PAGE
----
Student activists called on the Board of Education Thursday to end the school-to-prison pipeline by reinvesting funds toward student support staff, rather than policing. The students gathered under gray skies in front of the county schools’ central office and announced a summit this summer to create alternatives to having school resource officers on campus.

The students are members of the Youth Justice Project, a student-led initiative to implement change in the county school system. They believe the presence of SROs in school hallways increases the number of pupils who end up in juvenile courts, along with their peers who are charged as adults for classroom infractions and altercations.

Aissa Dearing, one of the activists pushing for the summit, say they want their proposal to be taken seriously by the school board.

“The school board has indicated that they will not terminate their [contract with the Sheriff’s Office] unless there’s a replacement plan,” Dearing said. “So this summit will allow the primary stakeholders to come up with solutions.”

While making public their announcement Monday, the young activists issued a sole demand.

“We demand that Durham Public Schools values the input of its students,” said Dearing, who will enroll at Howard University this fall after she graduated this year from the Josephine Dobbs Clement Early College High School. 

Dearing said part of the board’s reluctance to remove SROs stems from a survey indicating crime in the classroom has gone down with cops on campus.

“But we have to consider what role do SROs truly play,” Dearing said. “Administrators, teachers, and students obviously, want a safe school climate, but what truly makes people feel safe? It doesn’t make people feel safe to be arrested, where students are graduating with criminal records. It doesn’t make people feel safe to be subdued with physical force by someone who’s armed with lethal weapons. And it doesn’t make people feel safe when they are policed in a learning environment.”

Meanwhile, Dearing noted, students often don’t have immediate access to a guidance counselor, social worker, or nurse when they need help. Instead of finding those resources,  Durham schools have chosen to invest in law enforcement solutions.

“Well, the crime rates have gone down, and the criminalization of student behavior has increased. And what we consider to be normal, teenage misbehaviors can result in a permanent record which lowers graduation rates, lowers test scores, but increases the lead to incarceration,” Dearing said. “It’s disturbing that Durham Public Schools is prioritizing SROs over supports for student health, especially in the middle of a pandemic. We are going back to school in August, and we need to act with urgency.”

YJP members told the INDY this month that its members have been calling for the removal of SROs for the past two years. They say their request—bolstered by a 2018 report from the Southern Coalition for Social Justice—has gone unheeded.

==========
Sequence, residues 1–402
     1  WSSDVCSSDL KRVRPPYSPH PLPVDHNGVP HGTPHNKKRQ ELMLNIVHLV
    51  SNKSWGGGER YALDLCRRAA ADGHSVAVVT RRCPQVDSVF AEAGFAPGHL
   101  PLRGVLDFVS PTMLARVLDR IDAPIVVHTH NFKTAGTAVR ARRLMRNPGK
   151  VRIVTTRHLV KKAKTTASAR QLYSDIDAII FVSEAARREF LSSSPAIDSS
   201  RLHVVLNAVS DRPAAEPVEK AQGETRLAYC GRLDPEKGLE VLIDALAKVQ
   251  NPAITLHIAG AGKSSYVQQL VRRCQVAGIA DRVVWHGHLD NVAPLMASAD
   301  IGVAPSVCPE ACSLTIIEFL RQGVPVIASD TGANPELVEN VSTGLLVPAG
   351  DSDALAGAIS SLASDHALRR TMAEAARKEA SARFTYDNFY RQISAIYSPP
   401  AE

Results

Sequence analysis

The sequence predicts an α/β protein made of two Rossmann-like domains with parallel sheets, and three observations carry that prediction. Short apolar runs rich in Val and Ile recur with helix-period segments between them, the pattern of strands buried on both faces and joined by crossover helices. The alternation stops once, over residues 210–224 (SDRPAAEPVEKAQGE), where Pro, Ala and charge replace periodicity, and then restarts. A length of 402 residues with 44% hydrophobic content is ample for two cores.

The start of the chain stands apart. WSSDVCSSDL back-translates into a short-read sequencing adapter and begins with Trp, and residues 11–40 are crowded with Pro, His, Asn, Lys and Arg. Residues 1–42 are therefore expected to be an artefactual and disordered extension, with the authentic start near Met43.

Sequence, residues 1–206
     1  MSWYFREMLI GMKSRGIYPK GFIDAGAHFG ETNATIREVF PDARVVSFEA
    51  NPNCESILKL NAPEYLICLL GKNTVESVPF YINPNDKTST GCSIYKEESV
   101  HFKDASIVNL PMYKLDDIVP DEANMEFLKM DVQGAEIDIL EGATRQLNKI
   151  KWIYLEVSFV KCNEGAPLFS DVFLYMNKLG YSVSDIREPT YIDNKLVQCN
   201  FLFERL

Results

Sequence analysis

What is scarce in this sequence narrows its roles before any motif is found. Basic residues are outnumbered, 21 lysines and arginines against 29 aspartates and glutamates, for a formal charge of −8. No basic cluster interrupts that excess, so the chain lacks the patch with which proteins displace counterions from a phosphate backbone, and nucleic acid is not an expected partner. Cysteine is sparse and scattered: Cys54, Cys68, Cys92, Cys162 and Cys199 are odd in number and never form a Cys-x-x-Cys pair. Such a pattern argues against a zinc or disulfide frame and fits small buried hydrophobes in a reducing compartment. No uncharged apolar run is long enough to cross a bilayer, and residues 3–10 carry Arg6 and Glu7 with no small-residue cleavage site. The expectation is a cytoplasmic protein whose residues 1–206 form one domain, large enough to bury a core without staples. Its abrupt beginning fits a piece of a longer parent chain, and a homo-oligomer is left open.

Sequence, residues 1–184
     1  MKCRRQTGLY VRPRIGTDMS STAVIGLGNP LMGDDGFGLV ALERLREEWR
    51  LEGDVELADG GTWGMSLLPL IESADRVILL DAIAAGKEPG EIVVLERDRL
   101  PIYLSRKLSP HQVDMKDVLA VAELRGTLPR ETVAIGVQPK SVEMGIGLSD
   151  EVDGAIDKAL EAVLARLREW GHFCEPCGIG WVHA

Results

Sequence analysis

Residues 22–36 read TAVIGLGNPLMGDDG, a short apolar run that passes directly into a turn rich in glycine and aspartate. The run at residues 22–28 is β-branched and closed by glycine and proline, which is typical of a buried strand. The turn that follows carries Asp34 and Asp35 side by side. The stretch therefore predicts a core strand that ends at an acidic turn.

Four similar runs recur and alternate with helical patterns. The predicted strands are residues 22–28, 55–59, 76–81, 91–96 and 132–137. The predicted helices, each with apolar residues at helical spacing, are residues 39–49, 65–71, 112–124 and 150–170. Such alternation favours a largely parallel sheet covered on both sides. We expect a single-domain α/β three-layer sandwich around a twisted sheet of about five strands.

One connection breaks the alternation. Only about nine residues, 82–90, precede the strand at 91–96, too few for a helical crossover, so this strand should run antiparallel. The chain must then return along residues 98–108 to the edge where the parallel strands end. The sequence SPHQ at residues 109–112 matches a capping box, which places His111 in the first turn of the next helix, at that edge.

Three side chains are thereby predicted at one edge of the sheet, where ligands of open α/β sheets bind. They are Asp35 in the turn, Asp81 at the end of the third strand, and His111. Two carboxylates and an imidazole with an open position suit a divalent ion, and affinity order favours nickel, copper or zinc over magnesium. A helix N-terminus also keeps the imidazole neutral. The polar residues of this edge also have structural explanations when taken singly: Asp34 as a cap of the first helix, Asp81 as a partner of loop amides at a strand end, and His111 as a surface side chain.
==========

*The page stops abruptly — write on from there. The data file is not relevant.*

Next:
In early June, YJP organized a candlelight vigil to honor George Floyd that was attended by hundreds of people at the downtown district’s Corcoran Square. The vigil was followed by a June 13 Black Student March in the downtown district that was in concert with local Black Lives Matter protests. The student-led march included hundreds of students, teachers, parents and supporters who arrived at the county jail to dramatize their cause.

Prior to the march, Dearing wrote a petition letter that while Black students make up 45 percent of Durham’s public schools population, they account for 90 percent of school-based complaints that wind up in juvenile court.

During the press conference, Dearing said supporters of SROs on local campuses invariably ask, “but what if there is a mass shooting?”

It’s a reality Dearing has known well, raised in the era of school lockdown drills. She thinks the presence of mental health workers would be better prepared to treat and identify troubled students than armed police officers. 

“School resource officers do not prevent school shootings,” said Dearing.

The student activists are growing frustrated, and angry over the school board’s inaction.

“DPS continues to stay silent regardless of the concern coming from their very own students,” said Jay Rahim, a rising junior at the Durham School of the Arts. “During a time when Black lives are being taken from this world, the youth are fighting harder to live in a world where our lives are not guaranteed as African Americans in the United States.

Rahim said part of the misconception is that the students want to get rid of the deputies on campus without alternative safety measures and that some adults think they “will say anything and do anything just to be radical.”

“But the true meaning of defunding the police means you’re stripping them of the historical power hidden by bigotry away from the police department, while also providing more financial aid and support to Durham schools,” she added.

Christopher Fowler, who graduated this year from the Durham School of the Arts, said h part of the problem stems from mental health issues in the Black community a problem. Fowler pointed to a study by the Columbia School of Psychiatry which reported that young people between the ages of 18 and 25 who identified as Black or African American are 20 percent more likely to face mental health issues.

Elijah King said there is a “rising desire” from students and teachers alike to remove SRO’s from the schools with alternative, preventive measures. King graduated this year from Riverside High School.

“Although student resource officers are the first line of defense against foreign threats,” King said, “to the school environment they themselves pose a mental and physical threat to students, and more specifically students like me. Students of color.”

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